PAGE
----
Inari Sushi

Inari Sushi

Back when Philadelphia was home, I often frequented an all-you-can-eat sushi restaurant called Ajia located a few steps from the Schuylkill River. For just $21.95, my friends and I gorged until we burst on shrimp tempura rolls, all manner of nigiri, and unique-to-Philly creations like the sweet potato roll and “Rock N Roll” roll.

Though I tried my darnedest to get my money’s worth during these AYCE outings, I could never resist ordering a half dozen inari along with the usual sushi spread. These sweet fried tofu pouches filled with marinated rice were easily the least cost effective menu item, and worse yet, they sat in my stomach like a brick. I wasn’t being a savvy consumer, but I didn’t care because the inari were delicious.

While shopping for furikake and Sumo citrus at my neighborhood Mitsuwa the other weekend, the idea of making inari from scratch popped into my head. After finding a trusty recipe from JustJenn and collecting the ingredients missing from my pantry, I came home and made some for lunch.

This semi-homemade recipe came together quickly and most satisfactorily. Considering that the rice was prepared in a rice cooker and the tofu pouches were sold prefabbed, the only real work was measuring the dressing, toasting some sesame seeds, and assembling the whole package. Project inari proved to be so easy and satisfying that I’ll never again order it at a restaurant. And certainly not at an all-you-can-eat one!

  • 1 1/2 cups uncooked sushi rice
  • 1/4 cup rice vinegar
  • 3/4 teaspoons salt
  • 3 tablespoons sugar
  • 1 package aburage (tofu pouches)
  • 1 1/2 tablespoons white sesame seeds

Inari Sushi

Prepare rice according to the directions written on the package. I used my rice cooker, which was gifted to me by my mother when I graduated from college.

Inari Sushi

While the rice is bubbling and boiling away, whisk together the vinegar, salt, and sugar in a medium sized bowl and set aside. Dress the rice with this mixture as soon as it is cooked. Adjust the amount according to your preferences—use less for well-balanced rice, more for tangier rice.

Inari Sushi

Prepare tofu pouches according to the directions written on the package. The brand I used required boiling the pouches in their packaging for five minutes.

Inari Sushi

On a separate burner, lightly toast the sesame seeds until they are golden and nutty. Set aside.

Inari Sushi

To assemble, open the pouches, fill with seasoned rice, and sprinkle with sesame seeds. Serve straightaway.

Inari Sushi

Makes 12 inari sushi.

Recipe by JustJenn. [For Printable Recipe Click Here]

More vegetarian recipes on Gastronomy:

Related Posts Plugin for WordPress, Blogger...

16 Responses to “Inari Sushi”


  • When I was a kid, my mom would make this all the time. My job was to fan the rice as she tossed it with the dressing to ensure that the rice would be shiny. No idea if this is true, I just know it was my job in the process. Still my favorite treat and greatest comfort food.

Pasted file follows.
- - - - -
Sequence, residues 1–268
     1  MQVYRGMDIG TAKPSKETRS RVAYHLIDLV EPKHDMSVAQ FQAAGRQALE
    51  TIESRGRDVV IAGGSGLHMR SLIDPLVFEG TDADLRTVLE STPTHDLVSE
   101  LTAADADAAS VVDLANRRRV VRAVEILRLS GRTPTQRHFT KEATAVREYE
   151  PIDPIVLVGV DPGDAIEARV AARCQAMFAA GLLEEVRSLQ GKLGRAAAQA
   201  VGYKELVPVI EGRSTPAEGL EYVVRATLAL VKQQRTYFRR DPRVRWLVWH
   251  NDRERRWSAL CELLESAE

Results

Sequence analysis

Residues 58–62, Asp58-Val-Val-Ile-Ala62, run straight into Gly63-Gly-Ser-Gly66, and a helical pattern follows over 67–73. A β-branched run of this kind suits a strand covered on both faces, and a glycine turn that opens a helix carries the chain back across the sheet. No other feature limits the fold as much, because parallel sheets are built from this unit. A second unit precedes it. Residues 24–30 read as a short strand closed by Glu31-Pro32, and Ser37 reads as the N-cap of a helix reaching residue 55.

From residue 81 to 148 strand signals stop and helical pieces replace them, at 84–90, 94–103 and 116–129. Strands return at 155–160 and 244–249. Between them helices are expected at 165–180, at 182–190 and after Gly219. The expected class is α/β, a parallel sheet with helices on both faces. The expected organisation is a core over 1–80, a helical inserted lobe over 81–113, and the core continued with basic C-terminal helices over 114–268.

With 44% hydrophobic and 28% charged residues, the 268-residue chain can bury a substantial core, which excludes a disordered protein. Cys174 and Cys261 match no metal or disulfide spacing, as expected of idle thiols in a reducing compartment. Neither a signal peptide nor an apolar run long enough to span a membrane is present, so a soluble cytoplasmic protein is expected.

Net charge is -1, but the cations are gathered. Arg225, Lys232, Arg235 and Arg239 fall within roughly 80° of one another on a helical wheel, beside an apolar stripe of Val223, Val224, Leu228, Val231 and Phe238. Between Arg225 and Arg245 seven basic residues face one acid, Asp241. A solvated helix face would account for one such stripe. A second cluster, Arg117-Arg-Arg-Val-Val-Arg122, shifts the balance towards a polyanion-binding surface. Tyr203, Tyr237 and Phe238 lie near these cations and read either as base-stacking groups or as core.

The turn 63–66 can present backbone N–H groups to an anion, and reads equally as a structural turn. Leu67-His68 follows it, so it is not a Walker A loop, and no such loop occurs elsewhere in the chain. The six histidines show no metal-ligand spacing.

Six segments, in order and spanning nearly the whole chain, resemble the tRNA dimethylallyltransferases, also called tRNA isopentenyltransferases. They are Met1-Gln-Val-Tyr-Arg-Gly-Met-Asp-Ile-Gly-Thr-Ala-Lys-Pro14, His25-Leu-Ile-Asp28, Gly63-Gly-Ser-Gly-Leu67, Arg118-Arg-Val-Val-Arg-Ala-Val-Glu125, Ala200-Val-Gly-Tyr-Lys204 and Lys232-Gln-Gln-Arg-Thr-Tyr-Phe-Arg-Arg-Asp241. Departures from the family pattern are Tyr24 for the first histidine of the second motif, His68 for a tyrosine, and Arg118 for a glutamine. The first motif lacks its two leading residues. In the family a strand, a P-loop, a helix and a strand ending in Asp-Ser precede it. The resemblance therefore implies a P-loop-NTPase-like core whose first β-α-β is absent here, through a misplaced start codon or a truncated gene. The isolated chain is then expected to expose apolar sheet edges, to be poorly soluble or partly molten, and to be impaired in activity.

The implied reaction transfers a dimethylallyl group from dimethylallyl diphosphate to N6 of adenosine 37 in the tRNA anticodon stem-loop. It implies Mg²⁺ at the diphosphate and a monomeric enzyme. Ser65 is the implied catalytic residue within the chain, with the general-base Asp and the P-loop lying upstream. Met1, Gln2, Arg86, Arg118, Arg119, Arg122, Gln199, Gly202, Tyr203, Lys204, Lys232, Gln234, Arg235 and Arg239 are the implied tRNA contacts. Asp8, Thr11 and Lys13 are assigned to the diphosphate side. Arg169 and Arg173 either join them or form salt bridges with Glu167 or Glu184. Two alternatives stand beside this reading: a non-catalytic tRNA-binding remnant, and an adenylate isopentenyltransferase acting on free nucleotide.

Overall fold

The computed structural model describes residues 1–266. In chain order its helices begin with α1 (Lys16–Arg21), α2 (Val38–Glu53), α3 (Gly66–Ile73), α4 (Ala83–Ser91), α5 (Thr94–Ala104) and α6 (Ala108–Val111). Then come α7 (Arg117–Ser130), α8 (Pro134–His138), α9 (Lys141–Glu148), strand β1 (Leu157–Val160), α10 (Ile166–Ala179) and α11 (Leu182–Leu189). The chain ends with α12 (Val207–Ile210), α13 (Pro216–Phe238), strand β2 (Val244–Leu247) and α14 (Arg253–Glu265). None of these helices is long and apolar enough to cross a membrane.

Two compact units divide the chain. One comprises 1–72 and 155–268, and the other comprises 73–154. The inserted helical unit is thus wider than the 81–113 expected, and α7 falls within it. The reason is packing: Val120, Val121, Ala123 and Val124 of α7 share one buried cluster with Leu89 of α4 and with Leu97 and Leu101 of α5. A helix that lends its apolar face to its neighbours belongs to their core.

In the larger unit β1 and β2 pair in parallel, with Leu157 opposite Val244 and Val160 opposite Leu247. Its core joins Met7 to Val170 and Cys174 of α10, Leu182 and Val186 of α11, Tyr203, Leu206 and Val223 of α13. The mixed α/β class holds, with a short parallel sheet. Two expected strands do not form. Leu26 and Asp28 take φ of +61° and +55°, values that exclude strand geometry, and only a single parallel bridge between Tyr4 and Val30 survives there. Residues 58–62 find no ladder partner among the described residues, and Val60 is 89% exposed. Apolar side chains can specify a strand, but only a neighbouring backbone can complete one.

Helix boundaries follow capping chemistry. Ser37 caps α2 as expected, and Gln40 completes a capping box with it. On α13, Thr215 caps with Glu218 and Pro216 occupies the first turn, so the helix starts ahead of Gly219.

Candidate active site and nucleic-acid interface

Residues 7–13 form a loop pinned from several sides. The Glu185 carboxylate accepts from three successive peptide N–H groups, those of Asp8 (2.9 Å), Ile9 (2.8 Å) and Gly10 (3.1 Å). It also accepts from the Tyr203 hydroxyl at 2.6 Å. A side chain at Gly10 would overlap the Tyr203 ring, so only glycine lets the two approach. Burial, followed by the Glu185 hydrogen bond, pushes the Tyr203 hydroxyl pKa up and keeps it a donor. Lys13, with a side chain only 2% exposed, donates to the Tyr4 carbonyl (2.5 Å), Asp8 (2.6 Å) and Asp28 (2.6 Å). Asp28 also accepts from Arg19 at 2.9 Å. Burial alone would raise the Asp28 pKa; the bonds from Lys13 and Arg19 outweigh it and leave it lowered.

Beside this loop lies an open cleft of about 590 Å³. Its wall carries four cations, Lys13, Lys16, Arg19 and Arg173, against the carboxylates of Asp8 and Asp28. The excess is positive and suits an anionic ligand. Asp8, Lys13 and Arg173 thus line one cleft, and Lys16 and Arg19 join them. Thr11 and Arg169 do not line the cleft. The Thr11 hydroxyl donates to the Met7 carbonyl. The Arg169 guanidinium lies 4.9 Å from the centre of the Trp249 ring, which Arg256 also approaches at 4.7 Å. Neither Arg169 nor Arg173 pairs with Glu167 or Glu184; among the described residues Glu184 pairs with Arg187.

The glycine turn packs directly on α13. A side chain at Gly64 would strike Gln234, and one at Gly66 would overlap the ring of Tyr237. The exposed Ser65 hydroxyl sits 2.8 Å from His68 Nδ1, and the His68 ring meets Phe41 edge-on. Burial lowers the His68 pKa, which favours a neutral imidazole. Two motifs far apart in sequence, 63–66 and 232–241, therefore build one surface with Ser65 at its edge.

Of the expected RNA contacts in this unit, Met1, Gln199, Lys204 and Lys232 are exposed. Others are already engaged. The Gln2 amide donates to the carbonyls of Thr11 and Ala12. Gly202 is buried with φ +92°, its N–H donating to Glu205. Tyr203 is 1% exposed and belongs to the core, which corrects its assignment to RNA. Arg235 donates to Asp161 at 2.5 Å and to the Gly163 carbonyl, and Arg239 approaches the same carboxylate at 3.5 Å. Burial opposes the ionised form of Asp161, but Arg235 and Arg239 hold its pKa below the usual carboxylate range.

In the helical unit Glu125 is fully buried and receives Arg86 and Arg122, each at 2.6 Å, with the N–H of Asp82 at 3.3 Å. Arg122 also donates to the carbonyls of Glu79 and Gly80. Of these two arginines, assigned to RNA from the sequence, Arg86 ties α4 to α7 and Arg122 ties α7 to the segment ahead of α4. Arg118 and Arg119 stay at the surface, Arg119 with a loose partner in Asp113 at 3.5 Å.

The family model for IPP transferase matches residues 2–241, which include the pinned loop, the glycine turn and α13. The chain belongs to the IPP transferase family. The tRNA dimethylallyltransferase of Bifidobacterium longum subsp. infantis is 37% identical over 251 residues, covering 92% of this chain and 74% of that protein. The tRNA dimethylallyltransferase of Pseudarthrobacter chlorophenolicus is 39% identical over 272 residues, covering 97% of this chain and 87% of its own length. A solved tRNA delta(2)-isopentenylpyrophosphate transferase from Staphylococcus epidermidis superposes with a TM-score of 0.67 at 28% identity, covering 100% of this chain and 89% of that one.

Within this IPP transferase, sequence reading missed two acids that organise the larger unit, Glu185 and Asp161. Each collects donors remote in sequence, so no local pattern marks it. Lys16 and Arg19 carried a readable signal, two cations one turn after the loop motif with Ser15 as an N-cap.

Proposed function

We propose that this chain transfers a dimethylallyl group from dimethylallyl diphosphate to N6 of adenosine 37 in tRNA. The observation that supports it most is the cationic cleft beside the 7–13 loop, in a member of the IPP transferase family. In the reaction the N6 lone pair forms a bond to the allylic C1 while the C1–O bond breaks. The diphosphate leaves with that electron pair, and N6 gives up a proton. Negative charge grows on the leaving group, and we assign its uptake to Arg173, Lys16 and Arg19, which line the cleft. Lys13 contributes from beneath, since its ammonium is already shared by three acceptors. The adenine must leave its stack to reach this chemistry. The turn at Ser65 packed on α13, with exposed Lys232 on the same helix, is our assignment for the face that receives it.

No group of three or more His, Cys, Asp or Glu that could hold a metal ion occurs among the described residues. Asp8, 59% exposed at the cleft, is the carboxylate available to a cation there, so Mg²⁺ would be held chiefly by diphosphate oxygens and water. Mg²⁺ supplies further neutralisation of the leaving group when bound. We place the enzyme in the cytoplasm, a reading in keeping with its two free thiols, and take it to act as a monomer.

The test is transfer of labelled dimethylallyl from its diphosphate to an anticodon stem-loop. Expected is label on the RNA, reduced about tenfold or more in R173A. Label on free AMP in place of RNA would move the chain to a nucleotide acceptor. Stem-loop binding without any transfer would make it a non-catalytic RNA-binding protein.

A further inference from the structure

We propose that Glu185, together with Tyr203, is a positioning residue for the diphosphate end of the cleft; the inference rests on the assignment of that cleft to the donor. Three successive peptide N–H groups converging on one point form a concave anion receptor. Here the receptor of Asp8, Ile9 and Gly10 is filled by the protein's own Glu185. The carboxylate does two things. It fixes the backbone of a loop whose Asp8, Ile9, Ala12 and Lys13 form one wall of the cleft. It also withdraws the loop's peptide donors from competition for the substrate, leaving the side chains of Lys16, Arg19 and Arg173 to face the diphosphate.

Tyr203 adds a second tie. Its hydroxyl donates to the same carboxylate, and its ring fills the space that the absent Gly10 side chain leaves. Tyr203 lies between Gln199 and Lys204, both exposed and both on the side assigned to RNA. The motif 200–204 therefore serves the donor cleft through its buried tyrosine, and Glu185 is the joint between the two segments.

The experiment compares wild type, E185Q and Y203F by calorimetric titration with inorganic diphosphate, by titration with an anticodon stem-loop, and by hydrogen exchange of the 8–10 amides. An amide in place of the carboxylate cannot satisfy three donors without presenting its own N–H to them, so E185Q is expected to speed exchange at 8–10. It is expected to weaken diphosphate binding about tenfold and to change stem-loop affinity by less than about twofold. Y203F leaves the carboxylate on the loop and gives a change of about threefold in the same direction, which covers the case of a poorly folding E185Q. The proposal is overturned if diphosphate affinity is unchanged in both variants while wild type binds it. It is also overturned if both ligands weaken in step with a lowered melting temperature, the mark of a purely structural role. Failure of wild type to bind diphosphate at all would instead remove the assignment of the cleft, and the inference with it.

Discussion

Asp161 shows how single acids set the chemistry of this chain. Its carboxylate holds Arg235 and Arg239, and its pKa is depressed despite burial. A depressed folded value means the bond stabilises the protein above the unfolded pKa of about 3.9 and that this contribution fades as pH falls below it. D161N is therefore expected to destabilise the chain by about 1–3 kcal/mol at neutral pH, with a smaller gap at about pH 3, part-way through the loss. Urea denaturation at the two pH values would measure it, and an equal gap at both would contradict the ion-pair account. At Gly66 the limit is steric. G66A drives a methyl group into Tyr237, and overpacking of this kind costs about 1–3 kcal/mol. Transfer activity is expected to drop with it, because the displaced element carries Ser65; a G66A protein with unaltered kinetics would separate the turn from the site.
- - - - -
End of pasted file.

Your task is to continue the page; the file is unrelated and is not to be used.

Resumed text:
• I just had homemade inari at a St. Patrick’s Day party (South Bay area, so inari totally normal) and it was amazing. BTW – I also lived right by the Schuylkill River, in King of Prussia, for a number of years!

  • Linda - So, that explains why my rice wasn’t shiny! Actually, I have no idea if that’s true, but I love that your mom included you in the inari making process when you were a kid. I think I’ll do the same if I ever have little ones ;-)

    Rachael - Inari IS amazing. And I can’t believe you lived by the Schuylkill River too. What are the chances? I heart Philly.

  • I love inari! This is what I judge a sushi place by because it is my favorite thing. If it is not on the menu, I don’t even want to go back a 2nd time.

  • Awww BUMMED I missed out on those little cool pockets! You know how I feel about tofu. ;) Might have to attempt these bad boys on my own!

    P.S. Sumo Citrus? Isn’t it the best??????

  • I’m very impressed with these open-top inari as I’m used to seeing the standard inari. They are unique and I wonder why nobody thought about this before. Thank you for sharing the recipe.

  • According to serious sushi chefs the fanning is really necessary. It has something to do with the evaporating vinegar coating each grain of rice. This process should also be done using something called a hangiri. This “tub” made of some kind of wood gives the rice a nice aroma.

  • Haha.I can never resist ordering these at AYCE places even though I know it’s cheap and filling and easy to make. They remind me of my childhood.

  • Ah, Philly. I live near Valley Forge and always have.

    I’ve always wanted to try my hand at inari. They just look soooo good. Probably not the healthiest option, but now that they look so easy…

  • love Mitsuwa! these look yummy and remind me of Cham tofu pockets now I’m hungry!

  • I haven’t had these in ages! So glad I can make these at home. It’s a real money-saver!

  • Thank you for this recipe. I have not had this dish since I lived in Okinawa back in the 80′s. I always wanted to learn how to make this sushi.
    Thanks.

  • Love these but next time you make it consider adding some cubed and boiled carrots…you cannot believe how much tastier they become (if such a thing is possible)

  • Thanks for the recipe! It’s on quite a few different websites…but you have pictures and that automatically makes that the best one yet! Thank you! I’ll now live off these!

  • I love them but where did you bought the tofu pouches? I live in LA ,CA and i have no idea where to buy them.

  • Daisy - Mitsuwa Marketplace (multiple locations) carry the pouches. I’m sure other Japanese grocery stores would too. It’s a fairly common product. Good luck!

Leave a Reply